In 1885, the Montreal Gazette published an anecdote about Michael Martin’s time in Quebec (which, in his confession, was in June 1821):
There are many problems with this anecdote, the first one being the date “1825,” which was four years after Michael Martin’s execution.
The Donegana Hotel in Montreal was built in 1821 and during its first decade was not a hotel at all, but a private residence. During the late 1830 and early 1840s, it served as the official residence of the Governor-General of Canada. Later it was converted to a hotel.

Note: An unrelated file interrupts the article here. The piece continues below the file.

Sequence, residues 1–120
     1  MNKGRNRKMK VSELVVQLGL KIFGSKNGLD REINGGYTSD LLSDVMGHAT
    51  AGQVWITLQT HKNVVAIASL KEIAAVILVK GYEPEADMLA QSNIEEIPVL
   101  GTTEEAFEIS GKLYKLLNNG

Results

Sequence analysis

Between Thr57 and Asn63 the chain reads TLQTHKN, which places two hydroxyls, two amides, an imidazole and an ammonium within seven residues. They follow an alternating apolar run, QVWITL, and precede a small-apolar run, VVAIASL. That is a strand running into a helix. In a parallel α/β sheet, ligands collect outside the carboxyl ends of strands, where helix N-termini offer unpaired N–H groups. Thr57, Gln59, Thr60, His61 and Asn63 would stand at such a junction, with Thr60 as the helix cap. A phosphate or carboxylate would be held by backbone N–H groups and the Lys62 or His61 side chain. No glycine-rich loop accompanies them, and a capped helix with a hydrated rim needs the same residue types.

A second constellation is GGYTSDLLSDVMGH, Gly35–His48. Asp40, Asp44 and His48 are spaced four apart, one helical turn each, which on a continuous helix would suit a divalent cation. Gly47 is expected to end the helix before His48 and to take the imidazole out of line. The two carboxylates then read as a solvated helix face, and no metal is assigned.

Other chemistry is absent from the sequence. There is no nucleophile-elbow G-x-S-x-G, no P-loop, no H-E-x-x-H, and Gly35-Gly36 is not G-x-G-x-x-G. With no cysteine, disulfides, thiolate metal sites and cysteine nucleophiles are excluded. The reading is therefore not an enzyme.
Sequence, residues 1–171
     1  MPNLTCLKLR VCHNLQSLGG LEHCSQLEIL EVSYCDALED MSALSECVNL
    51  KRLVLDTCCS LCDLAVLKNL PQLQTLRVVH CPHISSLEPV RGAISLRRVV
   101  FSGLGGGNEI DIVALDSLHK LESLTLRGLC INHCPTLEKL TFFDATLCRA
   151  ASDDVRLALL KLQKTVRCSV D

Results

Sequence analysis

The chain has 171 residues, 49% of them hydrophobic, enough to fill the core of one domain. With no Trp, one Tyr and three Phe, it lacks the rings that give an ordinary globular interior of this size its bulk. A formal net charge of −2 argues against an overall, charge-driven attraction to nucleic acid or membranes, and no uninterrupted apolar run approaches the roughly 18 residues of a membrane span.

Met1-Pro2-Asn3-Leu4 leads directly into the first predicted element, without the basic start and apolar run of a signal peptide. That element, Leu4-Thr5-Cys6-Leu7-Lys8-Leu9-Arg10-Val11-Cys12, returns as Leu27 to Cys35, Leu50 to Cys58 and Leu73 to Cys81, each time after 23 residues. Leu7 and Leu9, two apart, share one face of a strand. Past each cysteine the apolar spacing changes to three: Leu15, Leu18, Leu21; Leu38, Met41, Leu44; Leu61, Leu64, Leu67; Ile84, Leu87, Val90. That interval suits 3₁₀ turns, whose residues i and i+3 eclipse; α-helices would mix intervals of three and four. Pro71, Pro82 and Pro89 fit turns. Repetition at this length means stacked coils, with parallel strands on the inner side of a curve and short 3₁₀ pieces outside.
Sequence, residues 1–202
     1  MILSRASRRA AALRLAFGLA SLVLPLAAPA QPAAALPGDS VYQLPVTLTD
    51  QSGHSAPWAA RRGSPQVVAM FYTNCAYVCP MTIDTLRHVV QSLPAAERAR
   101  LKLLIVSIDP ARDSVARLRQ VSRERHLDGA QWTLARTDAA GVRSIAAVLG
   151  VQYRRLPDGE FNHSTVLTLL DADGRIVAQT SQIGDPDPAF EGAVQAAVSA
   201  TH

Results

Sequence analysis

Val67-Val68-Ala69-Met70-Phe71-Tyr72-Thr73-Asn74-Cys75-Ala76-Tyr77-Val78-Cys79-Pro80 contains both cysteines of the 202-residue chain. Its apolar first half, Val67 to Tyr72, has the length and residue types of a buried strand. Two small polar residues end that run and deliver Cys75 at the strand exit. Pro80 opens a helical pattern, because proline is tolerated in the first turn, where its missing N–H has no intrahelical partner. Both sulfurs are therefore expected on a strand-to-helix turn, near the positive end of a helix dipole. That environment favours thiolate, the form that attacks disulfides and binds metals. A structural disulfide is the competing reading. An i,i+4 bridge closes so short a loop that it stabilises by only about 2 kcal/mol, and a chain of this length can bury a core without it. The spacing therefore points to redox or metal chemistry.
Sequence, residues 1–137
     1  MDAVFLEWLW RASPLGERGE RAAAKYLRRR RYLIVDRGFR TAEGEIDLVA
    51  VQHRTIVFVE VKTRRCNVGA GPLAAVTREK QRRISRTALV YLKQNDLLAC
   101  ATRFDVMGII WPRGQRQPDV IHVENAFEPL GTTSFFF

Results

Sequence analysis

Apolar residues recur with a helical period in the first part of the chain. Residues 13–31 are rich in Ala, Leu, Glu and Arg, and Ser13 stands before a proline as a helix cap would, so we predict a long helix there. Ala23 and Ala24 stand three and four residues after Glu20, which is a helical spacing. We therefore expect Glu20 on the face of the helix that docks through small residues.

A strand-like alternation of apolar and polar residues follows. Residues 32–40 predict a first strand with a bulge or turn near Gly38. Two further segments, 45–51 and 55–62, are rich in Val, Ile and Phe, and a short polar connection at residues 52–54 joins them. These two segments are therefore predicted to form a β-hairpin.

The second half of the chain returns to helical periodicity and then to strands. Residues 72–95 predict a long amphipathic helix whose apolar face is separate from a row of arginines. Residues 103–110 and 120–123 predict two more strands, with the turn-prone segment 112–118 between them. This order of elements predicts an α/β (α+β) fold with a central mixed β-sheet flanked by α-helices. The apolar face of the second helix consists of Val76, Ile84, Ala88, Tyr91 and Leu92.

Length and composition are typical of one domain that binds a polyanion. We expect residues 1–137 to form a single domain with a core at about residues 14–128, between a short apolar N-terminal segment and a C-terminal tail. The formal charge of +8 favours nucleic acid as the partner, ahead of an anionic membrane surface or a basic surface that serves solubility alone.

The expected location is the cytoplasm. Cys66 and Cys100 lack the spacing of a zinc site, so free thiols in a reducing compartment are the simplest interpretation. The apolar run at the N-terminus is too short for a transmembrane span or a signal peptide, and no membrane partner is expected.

The reference to “General Gordon” is a puzzle. In 1885, everyone in the world would have associated that name with British General Charles George Gordon, who died in January of that year while defending the Egyptian-held city of Khartoum from attack by the Mahdi forces of Sudan. However, he was not born until 1833. There was also a General Gordon Drummond who served as a Governor-General of Canada in the 1810s, but who had returned to England by 1821. There are no other obvious candidates for who “General Gordon” might have been.
The anecdote also conflates Martin’s visit to Montreal with the incident involving a confrontation with a Native American. In his confession, Martin says that he shot and killed an Indian during a botched highway robbery attempt on a road thrity-five miles outside of Montreal, while heading towards Kingston.
Martin did admit that he tried, unsuccessfully, to steal items while staying in Montreal.